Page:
HC Deb 27 October 1982 vol 29 cc1092-117

Order read for resuming adjourned debate on Question [21 October],

That so much of the Lords Message [18th October] as relates to the Hampshire Bill [Lords] and the Nottinghamshire County Council Bill [Lords] be now considered.

Question again proposed.

So much of the Lords Message considered accordingly.

7.1 pm

The Chairman of Ways and Means (Mr. Bernard Weatherill)

I beg to move, That this House doth concur with the Lords in their Resolution. I should explain to the House that the purpose of the motion is to enable the promoters of the Hampshire and Nottinghamshire Bills to suspend proceedings on them in this Session in order to resume them next Session at the stage which the Bills have now reached. In recent years this House has allowed the promoters of local authority rationalisation Bills to carry them over in this way so that the ratepayers do not have to bear the expense of serving new notices. If the motion i.s agreed to, the House will have a full opportunity to debate the merits of the two Bills in the next Session.

Mr. Deputy Speaker (Mr. Ernest Armstrong)

I should inform the House that Mr. Speaker has selected the first amendment in the name of the hon. Member for Stockport, North (Mr. Andrew F. Bennett), with which the hon. Gentleman's second amendment may be discussed.

7.2 pm

Mr. Andrew F. Bennett (Stockport, North)

I shall speak to the main Question and not move the amendment at this stage, although I understand that, because of the procedure motion, I would be in order to move the amendment later if either of the promoters of the Bills were happy to see the Bills split.

I wish to persuade the House that it must examine carefully the principle of carry-over motions. I question whether the House agrees to carry-over motions far too easily. The practice has been growing to such an extent that it is altering parliamentary procedure. One could even argue that the practice weakens parliamentary procedure and that we should not make exceptions and regularly agree to carry-over motions without debate. I also wish to show that local government Bills such as those before us should not be allowed to go through this procedure.

There are two procedures for carry-over motions that promoters can use. The procedure attempted tonight is to put down a motion in the old Session asking for the Bill to be carried over to the new Session. The alternative procedure, which is much more appropriate, would be to put down a motion in the new Session reviving the Bill. Much difficulty would be caused if such a motion were lost through insufficient time for full debate at the end of the Session. But if the promoters put down a proposal for a reviving motion in the new Session, which would have exactly the same effect, they would have sufficient time for debate. The custom of the House is to put down a motion to carry over a Bill to the new Session when it is deemed necessary. One puts down a reviving motion only after the dissolution of Parliament, when a Bill is stopped in midstream. However, either procedure could be used It would have been much more appropriate if the promoter of this Bill had moved a reviving motion next Session rather than the present motion, especially as there are time difficulties.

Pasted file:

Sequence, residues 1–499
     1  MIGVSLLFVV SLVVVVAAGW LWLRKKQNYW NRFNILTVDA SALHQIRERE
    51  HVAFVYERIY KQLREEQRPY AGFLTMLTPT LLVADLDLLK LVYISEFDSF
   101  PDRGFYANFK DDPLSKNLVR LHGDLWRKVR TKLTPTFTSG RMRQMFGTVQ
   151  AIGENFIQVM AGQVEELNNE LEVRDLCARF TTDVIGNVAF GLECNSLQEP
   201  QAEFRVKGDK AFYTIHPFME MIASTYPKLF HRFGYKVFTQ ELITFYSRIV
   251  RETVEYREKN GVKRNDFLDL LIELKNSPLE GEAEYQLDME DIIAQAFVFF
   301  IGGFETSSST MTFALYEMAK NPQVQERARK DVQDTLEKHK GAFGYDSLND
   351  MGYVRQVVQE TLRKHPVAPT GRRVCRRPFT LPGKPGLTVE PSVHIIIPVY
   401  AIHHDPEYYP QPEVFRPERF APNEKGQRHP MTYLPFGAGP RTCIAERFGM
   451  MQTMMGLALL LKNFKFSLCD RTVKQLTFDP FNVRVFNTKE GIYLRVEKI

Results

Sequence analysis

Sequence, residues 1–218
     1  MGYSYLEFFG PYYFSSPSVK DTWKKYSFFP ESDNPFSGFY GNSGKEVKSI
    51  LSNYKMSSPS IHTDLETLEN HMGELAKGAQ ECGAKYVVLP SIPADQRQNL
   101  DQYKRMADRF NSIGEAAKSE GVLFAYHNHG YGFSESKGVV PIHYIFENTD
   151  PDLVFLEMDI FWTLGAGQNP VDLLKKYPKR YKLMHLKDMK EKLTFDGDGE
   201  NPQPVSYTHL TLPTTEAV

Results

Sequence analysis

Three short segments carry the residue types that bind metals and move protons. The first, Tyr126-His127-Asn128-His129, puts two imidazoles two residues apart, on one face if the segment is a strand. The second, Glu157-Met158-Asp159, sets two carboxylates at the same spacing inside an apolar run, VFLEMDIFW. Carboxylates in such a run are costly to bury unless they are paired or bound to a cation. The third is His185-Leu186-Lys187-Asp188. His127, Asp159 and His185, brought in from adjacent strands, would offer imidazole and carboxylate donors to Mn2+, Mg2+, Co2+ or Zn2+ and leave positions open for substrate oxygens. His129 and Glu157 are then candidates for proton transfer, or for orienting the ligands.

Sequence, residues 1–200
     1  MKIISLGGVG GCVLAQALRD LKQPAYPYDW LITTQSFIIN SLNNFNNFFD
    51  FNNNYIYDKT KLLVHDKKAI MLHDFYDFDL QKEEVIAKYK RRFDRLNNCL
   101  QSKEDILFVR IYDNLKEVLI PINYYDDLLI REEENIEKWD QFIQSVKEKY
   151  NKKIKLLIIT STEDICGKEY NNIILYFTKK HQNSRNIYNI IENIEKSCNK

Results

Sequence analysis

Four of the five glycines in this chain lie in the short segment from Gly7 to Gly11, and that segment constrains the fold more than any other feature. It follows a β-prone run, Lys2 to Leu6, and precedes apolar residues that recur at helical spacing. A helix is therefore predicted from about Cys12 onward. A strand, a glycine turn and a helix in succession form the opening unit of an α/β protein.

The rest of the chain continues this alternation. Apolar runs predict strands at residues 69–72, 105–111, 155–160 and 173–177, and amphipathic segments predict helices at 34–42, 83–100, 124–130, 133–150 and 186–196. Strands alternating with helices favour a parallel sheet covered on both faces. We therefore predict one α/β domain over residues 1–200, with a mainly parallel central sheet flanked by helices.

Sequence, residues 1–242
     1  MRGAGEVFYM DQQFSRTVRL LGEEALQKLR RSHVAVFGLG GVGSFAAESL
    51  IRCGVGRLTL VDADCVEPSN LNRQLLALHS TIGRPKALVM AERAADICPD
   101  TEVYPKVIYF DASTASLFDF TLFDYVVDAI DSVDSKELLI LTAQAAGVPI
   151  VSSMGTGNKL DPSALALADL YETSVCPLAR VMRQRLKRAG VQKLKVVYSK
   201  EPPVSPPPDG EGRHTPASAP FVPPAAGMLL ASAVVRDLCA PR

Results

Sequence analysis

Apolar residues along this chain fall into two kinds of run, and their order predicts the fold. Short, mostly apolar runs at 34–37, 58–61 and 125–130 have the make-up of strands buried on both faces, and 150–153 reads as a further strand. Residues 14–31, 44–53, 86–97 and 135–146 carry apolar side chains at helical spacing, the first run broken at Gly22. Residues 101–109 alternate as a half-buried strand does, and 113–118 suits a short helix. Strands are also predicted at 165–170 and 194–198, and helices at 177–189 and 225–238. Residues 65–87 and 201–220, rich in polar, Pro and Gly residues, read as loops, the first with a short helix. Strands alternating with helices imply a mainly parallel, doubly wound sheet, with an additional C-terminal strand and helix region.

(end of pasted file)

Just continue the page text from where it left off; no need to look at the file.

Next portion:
After the dissolution of Parliament for a general election it is reasonable that a Bill should be carried over and I would not argue that the motion should not be passed. The promoter has no control over the dissolution of Parliament and cannot anticipate an election, so he cannot push along his business so as to avoid the problem. However, with most of the carry-over motions that have been put to the House recently, the promoter controlled his Bill and decided how long the measure should take. The promoter usually chooses whether a Bill should take up much time, because he may decide to include controversial issues. However, he could remove those issues in order to speed the progress of the Bill. If he decides to include controversial matters, he is inviting the House to spend a long time debating the matter. If the House agrees regularly to carry over Bills, promoters assume that they can spend as long as they wish and include as many controversial issues as they wish without the discipline of time that is imposed on most other measures.

There may be a growing abuse of the procedure on carry-over motions, so the House should say that it disapproves of them and that they should be used more sparingly. From the records we can see that carry-over motions were uncommon, although private Bills used to be much more common than they are now. In the nineteenth century, no carry-over motions were allowed and some Bills were presented in three or four Sessions before they were allowed to progress. I recall reading about the Bill on the Manchester ship canal, which was advanced in three Sessions. In the first two Sessions it failed to get through and the promoter had to restart the procedure before the Bill was eventually passed.

In the early part of this century there were few carryover motions. In 1903, 1905, 1907, 1908 and 1909 there were no carry-over motions. When there were such motions they resulted usually from general elections. The promoters did not anticipate the need to get a move on with their Bills and they were taken unawares by elections. Everyone accepted that they were doing their best to get their Bills through and following the elections there were general orders which revived the Bills and enabled them to continue as if there had not been a general election.